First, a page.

The case involved numerous infractions committed by a former assistant coach who, during the summer of 2004, provided or arranged for lodging and meals for eight prospective student-athletes before their initial full-time enrollment at the institution. Also in the summer of 2004, the former assistant coach observed 16 student-athletes and prospects in impermissible athletically related activities, and provided transportation to several prospects. When prospects are brought to campus during the summer before their initial enrollment, the institution has an obligation to monitor these prospective student-athletes, the committee said, especially noting how they are paying their living expenses and monitoring out-of-season workouts in which they may be participating.

The committee found that the former assistant coach also violated the principles of ethical conduct by encouraging a student-athlete and several prospects to purchase and use NCAA-banned substances. In the summer of 2004, other members of the football coaching staff, including the head football coach, learned of the details of the former assistant coach's involvement in summer workouts with student-athletes and prospects. They also received information indicating the former assistant coach was promoting the use of anabolic steroids, the NCAA-banned substances referenced earlier. Despite being informed of this information, the other members of coaching staff failed to notify the athletics administration.

The committee found that the institution had prospects sign the National Letter of Intent although the institution was not a member of the National Letter of Intent program. During January 2004, the former head coach hand-delivered copies of the National Letter of Intent to at least seven prospective student-athletes prior to the initial signing date in the sport of football. When the institution reclassified to Division I, it failed to subscribe to the National Letter of Intent program.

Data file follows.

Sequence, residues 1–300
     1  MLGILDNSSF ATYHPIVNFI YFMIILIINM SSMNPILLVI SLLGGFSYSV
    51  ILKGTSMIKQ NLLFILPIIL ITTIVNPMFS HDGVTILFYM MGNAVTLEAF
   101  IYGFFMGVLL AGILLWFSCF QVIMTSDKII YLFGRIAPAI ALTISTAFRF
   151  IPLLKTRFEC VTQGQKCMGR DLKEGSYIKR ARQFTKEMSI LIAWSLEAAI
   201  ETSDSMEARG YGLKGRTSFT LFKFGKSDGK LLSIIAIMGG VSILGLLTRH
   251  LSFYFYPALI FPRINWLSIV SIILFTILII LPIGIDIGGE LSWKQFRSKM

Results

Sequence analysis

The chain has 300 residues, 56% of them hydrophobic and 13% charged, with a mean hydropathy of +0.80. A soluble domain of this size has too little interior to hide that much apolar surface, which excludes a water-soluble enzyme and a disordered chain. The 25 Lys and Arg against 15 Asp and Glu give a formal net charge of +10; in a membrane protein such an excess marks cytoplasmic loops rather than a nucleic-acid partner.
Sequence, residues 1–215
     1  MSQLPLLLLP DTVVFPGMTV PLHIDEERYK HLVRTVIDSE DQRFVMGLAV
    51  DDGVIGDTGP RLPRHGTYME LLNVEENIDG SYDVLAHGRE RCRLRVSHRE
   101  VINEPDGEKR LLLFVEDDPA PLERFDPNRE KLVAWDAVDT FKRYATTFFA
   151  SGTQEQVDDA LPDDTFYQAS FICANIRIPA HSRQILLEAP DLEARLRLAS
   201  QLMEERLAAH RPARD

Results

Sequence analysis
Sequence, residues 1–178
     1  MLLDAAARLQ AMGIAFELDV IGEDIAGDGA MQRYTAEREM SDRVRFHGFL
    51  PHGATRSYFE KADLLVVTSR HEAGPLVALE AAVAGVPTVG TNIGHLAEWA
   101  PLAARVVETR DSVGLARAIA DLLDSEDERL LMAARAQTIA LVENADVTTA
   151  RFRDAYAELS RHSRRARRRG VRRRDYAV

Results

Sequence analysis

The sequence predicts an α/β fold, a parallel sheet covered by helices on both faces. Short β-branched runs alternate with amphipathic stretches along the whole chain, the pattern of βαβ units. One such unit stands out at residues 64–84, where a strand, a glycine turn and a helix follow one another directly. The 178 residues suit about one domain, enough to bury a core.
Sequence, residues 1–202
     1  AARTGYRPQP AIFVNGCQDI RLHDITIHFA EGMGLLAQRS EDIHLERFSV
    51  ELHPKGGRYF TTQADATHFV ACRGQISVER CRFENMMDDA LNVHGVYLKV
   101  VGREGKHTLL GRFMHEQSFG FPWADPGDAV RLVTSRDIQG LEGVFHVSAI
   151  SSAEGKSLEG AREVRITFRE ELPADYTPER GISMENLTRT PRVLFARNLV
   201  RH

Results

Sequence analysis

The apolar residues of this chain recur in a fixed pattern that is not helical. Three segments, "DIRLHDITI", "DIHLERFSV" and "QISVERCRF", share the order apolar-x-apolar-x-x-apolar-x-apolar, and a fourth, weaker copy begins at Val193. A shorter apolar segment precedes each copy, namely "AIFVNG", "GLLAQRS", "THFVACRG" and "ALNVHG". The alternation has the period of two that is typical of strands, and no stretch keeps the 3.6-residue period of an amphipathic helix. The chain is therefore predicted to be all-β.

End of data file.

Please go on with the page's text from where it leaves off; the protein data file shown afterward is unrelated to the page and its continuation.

During the 2000-04 academic years, staff used the National Letter of Intent with prospective student-athletes.

During the 2004-05 academic years, two student-athletes received athletics aid although they were ineligible because they did not meet NCAA transfer requirements after transferring from a two-year collegiate institution.

There was an agreement that Savannah State lacked institutional control during and following its move from Division II to Division I. The institution's failure to monitor the former assistant coach's actions led to failure by the institution to monitor its athletics program, the committee said.

The penalties in the case are as follows:
* Public reprimand and censure.
* The institution will be placed on probation through May 18, 2009.
* Reduction to 36 practice activities allowed, beginning in spring 2006 and continuing through spring 2007. (Note: the institution cancelled the 2006 spring football practice period).
* The institution is limited to no more than 27 expense-paid visits in the sport of football for the 2006-07 academic year, representing a reduction of two visits from the average number of annual visits during the past three years. NCAA rules allow for a maximum of 56 expense-paid visits per year.
* The former head coach was reprimanded for his involvement in NCAA violations. The former head coach resigned on March 18, 2006.